Borrelia suilla infection

Borrelia suilla infection

G C BISHOP*

Introduction

According to Henning6 spirochaetosis in pigs was first described in South Africa by Dodd in 1906. The condition, which is frequently associated with conditions of poor hygiene, is also known as porcine ulcerative granuloma, and has been reported in New Zealand, Australia, the USA and the UK.1, 6 The disease is seen infrequently today and in South Africa it is not considered to be of any economic importance.

Aetiology and epidemiology

Borrelia suilla is 9 to 12 µm in length and has two to six spirals. According to Canham,4 Neitz believed that the spirochaete was definitely not identical to B. theileri. The bacteria stain readily with Giemsa, May-Grünwald, Gram’s stain and 1 per cent carbol fuchsin, and using dark-field microscopy and fresh specimens they may be observed as actively motile spirochaetes.

Figure 134.1  Ulcerative granuloma on the mammary gland of a sow

Figure 134.2  Ulcerative granuloma affecting the hind leg of a pig

Figure 134.3  Granulomatous orchitis in a pig

Figure 134.4  A severe ulcerative lesion affecting the shoulder of a pig

The primary role of B. suilla (synonym Spirochaeta suilla) in the ulcerative granuloma syndrome is uncertain. Borrelia suilla has never been cultured on artificial media1 and it is almost always to be found together with other bacteria in the lesions. The bacterium is not accorded species status in Bergey’s Manual of Determinative Bacteriology.3

Osborne8 reproduced typical lesions by subcutaneous injection of material from natural cases which also contained actively motile spirochaetes, into healthy pigs. Although it has not yet been proved,5 some workers believe that predisposing factors (such as trauma due to biting, or self-trauma due to the irritation caused by mange or flea infestations) are prerequisites for infection and that the spirochaete may not be the primary pathogen.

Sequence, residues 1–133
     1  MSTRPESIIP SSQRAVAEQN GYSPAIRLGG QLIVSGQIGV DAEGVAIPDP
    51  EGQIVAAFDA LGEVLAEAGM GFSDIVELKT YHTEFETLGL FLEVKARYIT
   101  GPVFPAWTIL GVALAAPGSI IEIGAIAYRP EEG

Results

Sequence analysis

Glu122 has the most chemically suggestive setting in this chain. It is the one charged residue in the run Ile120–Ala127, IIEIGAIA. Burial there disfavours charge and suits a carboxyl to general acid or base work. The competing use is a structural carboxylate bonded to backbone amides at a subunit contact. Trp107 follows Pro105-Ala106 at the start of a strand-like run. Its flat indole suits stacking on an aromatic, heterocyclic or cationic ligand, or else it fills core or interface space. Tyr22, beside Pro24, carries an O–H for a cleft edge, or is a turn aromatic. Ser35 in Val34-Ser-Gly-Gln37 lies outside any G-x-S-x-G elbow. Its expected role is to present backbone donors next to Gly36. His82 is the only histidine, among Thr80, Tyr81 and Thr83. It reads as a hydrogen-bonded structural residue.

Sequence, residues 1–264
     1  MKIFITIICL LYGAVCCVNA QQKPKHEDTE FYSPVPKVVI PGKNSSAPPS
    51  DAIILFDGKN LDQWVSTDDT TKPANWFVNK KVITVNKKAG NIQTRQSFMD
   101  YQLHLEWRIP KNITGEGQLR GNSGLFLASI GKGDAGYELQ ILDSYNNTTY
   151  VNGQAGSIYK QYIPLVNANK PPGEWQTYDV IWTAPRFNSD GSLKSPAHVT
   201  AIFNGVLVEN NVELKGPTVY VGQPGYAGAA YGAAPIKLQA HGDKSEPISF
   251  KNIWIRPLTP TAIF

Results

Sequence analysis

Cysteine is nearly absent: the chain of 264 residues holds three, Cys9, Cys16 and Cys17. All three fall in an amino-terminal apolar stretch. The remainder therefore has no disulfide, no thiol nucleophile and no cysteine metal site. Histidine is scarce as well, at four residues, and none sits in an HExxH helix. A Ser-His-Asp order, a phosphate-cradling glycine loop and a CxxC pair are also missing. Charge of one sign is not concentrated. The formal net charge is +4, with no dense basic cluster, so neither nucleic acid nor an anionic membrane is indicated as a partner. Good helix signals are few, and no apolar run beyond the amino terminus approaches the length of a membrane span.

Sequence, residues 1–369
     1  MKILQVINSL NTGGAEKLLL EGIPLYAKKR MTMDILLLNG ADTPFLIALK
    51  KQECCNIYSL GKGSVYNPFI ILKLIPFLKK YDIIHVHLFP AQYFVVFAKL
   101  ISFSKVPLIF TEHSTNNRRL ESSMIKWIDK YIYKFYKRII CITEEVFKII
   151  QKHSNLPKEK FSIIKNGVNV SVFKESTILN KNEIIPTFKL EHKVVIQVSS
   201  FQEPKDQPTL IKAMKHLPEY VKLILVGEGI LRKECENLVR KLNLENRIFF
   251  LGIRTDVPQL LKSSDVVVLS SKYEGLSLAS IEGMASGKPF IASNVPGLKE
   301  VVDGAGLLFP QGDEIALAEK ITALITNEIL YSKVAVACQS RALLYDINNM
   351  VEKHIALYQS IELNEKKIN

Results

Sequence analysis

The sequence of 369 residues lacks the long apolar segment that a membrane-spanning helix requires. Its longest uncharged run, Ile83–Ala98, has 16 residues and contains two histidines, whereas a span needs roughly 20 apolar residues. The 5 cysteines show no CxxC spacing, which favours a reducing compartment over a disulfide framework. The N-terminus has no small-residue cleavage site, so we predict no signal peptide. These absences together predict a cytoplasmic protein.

Spirochaetosis was commonly seen in pigs of six to ten weeks of age, especially following castration.6 Generally, less severe lesions were seen in older pigs.1, 5

Pathogenesis, clinical signs and pathology

The spirochaetes usually enter the body through superficial wounds and provoke the formation of abscesses or ulcerative lesions of varying severity in the subcutaneous tissues.6 Lesions may occur on the face of suckling pigs, the ventral abdominal wall of sows,2 the legs, which may result in varying degrees of lameness, or in the testes (Figures 134.1 to Figures 134.4).1, 4

More recently, lesions confined mainly to the ears, lips, gums, tongue and larynx have been reported in pigs in Britain.1 Superficial abscesses may attain considerable dimensions and, on rupturing, may leave open wounds which persistently discharge necrotic material.6 The surrounding skin, and sometimes the underlying tissues, may slough (Figures 134.4).

Lesions vary widely in appearance.7 Chronic ulcerations, accompanied by considerable fibrosis of the surrounding tissue, may develop. Histologically, numerous spirochaetes may be found in the necrotic tissue and the active margins of the ulcers.

Diagnosis, differential diagnosis and control

The demonstration of spirochaetes in tissue specimens by dark-field microscopy or in tissue sections using the usual stains, support the diagnosis.6 In young pigs lesions should be differentiated from necrotic lesions due to snout-rubbing, ear-biting and self-trauma resulting from mange infestation.2

Potassium iodide administered orally, penicillin injections, or topical tetracycline treatment have been used successfully.2, 5 Prevention of the condition by improvement of hygiene, disinfection and treatment of skin wounds, should reduce its occurrence in affected piggeries.

References

  1. BLANDFORD, T.B., BYGRAVE, A.C., HARDING, D.J. & LITTLE, T.W.A., 1972. Suspected porcine ulcerative spirochaetosis in England. The Veterinary Record, 90, 15.
  2. BLOOD, D.C., RADOSTITS, O.M. & HENDERSON, J.A., 1983. Veterinary Medicine. 6th edn. London: Bailliere Tindall.
  3. BUCHANAN, R.E. & GIBBONS, N.E., 1974. Bergey’s Manual of Determinative Bacteriology. 8th edn. Baltimore: The Williams & Wilkins Co
  4. CANHAM, A.S., 1947. Spirochaetosis in pigs. Journal of the South African Veterinary Medical Association, 18, 32–38.
  5. HARCOURT, R.A., 1973. Porcine ulcerative spirochaetosis. The Veterinary Record, 92, 647–648.
  6. HENNING, M.W., 1956. Animal Diseases in South Africa. 3rd edn. South Africa: Central News Agency Ltd.
  7. JUBB, K.F.E. & KENNEDY, P.C., 1970. Pathology of Domestic Animals. 2nd edn. Vol. II, New York: Academic Press.
  8. OSBORNE, H.G., 1955. Some aspects of the pathology, aetiology and therapeutics of footrot in pigs. New Zealand Veterinary Journal, 3, 91–99.

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